Windy City cynicism blows into town

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Windy City cynicism blows into town

The Web site for “Chicago: The Musical” begins with the very words that open the show:
“Welcome, ladies and gentlemen. You are about to see a story of murder, greed, corruption, violence, exploitation, adultery and treachery. All the things that we hold dear to our hearts.”
Cynicism is at the core of “Chicago,” and these are cynical times. The Broadway sensation will run from Wednesday to Aug. 3 at the National Theater of Korea on Mount Namsan. The cast is from London, and the production will include Korean subtitles.
The show’s director, Walter Bobbie, noted the similarities between the musical and recent celebrity courtroom cases that have made front-page headlines in the West.
“We’ve seen the Menendez Brothers, we’ve seen O.J. (Simpson),” Mr. Bobbie told the Public Broadcasting System in the United States. “We’ve absorbed that cynicism into our consciousness so that we’re not stunned by it, but we’re provoked by examining the difference between truth and justice and the law, which are clearly very different issues.”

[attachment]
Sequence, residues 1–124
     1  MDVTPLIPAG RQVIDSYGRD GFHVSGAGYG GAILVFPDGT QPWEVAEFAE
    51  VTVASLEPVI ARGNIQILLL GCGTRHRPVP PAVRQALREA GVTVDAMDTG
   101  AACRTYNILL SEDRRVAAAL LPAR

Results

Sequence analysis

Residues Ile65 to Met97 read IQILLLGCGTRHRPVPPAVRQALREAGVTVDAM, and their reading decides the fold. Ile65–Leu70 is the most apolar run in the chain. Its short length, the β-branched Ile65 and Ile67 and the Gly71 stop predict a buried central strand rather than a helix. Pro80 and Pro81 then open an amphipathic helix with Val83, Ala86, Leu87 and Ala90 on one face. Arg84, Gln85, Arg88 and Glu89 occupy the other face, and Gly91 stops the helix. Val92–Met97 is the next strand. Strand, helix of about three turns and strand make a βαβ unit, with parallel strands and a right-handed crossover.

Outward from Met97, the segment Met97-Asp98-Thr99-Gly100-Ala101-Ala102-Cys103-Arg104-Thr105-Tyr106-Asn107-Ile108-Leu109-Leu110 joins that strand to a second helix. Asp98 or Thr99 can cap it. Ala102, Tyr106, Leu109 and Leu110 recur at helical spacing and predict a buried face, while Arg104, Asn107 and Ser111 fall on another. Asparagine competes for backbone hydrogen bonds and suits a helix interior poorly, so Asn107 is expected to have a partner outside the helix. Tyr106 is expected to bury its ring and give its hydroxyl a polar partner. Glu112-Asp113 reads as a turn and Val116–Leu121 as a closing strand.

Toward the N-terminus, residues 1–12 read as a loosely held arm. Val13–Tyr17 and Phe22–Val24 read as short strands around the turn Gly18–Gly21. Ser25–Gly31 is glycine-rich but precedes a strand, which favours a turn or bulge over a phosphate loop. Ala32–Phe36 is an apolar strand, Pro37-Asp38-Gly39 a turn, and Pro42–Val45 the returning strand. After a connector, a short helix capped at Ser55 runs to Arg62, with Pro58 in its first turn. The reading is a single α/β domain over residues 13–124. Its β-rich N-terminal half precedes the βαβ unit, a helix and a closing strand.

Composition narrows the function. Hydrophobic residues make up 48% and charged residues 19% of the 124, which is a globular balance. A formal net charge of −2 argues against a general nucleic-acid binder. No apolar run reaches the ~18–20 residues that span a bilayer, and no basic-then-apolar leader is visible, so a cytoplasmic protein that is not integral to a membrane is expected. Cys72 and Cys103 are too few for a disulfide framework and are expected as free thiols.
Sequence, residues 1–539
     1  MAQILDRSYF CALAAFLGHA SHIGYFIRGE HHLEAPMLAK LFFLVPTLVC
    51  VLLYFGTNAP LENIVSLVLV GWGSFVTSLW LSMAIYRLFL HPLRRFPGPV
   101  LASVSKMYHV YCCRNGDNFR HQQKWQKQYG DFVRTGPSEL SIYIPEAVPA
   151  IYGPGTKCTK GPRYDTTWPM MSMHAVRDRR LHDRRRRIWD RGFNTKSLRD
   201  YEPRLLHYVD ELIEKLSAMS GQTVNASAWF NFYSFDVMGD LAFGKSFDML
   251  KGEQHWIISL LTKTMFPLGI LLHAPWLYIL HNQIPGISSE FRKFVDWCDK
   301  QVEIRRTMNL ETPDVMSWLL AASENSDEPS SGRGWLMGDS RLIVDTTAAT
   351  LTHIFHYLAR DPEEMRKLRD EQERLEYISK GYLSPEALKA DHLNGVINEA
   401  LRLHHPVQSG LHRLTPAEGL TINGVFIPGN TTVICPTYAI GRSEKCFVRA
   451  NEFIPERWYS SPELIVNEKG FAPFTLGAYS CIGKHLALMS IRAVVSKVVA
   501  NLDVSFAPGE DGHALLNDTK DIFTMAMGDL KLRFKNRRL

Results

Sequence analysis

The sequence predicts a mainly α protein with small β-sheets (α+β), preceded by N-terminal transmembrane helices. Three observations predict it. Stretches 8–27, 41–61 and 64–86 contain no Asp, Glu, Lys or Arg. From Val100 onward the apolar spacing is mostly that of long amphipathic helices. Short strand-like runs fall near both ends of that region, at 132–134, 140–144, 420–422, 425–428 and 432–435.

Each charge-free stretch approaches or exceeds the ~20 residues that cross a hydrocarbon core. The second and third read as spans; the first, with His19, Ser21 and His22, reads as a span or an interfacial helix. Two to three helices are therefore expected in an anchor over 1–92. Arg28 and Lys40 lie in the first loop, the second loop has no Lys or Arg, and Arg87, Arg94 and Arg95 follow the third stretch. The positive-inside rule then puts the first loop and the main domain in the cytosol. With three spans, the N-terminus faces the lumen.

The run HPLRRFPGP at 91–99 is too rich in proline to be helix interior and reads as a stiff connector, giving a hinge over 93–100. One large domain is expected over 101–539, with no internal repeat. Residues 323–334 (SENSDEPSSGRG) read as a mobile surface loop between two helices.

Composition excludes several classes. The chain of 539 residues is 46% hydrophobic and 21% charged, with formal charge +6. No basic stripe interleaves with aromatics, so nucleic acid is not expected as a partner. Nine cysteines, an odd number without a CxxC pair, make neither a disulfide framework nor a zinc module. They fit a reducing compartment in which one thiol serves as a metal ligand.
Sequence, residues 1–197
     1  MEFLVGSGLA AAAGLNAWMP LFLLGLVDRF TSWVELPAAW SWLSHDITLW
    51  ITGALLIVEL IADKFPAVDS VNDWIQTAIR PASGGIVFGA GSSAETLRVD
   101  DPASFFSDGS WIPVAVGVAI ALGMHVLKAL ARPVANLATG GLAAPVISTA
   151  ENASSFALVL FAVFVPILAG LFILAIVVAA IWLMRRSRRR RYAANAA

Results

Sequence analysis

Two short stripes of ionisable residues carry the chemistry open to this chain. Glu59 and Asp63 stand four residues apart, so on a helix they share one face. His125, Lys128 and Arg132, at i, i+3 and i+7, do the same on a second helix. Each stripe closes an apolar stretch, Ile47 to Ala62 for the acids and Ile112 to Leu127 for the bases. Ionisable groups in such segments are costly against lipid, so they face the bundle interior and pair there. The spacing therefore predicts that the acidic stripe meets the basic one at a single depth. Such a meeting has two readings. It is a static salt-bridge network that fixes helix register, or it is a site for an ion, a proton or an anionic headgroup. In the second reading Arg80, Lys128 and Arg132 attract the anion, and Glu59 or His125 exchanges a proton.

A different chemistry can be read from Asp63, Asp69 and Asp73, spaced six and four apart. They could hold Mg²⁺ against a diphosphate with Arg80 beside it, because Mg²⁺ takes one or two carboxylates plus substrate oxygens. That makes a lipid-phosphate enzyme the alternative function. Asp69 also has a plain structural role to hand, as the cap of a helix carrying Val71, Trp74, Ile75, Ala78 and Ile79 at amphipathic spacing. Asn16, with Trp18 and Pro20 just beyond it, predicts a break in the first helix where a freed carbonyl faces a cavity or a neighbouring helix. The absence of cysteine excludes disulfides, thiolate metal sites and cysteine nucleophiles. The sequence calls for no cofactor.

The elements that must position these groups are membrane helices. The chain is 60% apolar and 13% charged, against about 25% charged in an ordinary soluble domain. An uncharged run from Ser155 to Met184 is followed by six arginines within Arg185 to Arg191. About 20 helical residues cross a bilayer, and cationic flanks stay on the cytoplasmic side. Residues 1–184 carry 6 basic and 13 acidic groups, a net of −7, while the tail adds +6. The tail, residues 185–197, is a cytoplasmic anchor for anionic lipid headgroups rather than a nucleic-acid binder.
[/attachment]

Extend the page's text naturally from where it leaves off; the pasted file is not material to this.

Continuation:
While Korea hasn’t had many celebrity trials, it has had its share of high profile cases ― often involving politicians. Has, and will, justice really be served in these cases?
“Chicago” is based on a 1926 play by Maurine Dallas Watkins, a Chicago Tribune reporter. In 1975, the choreographer Bob Fosse took the play and turned into a dark parable of American justice. The story revolves around Roxie Hart, a chorus girl who murders her philandering boyfriend. Not only does she avoid being sentenced, she uses the trail to become a star. Helping her is Billy Flynn, a slick lawyer with another murderess client, Velma Kelly.
When the Broadway musical came out in 1975, it was nominated for 11 Tony Awards (but was beaten out for most by “A Chorus Line”). In 1997, “Chicago” was revived with Ann Reinking as choreographer, and went on to win six Tony awards. Rob Marshall directed the film version that won six Academy Awards in 2002.
Starring in the Korean show are Emma Clifford as Ms. Hart, Lisa Donmall as Ms. Kelly and Cavin Cornwall as Mr. Flynn.


by Joe Yong-hee

For more information, visit the Web site at www.chicagokorea.co.kr. Tickets cost 40,000 to 120,000 won ($33-$100).
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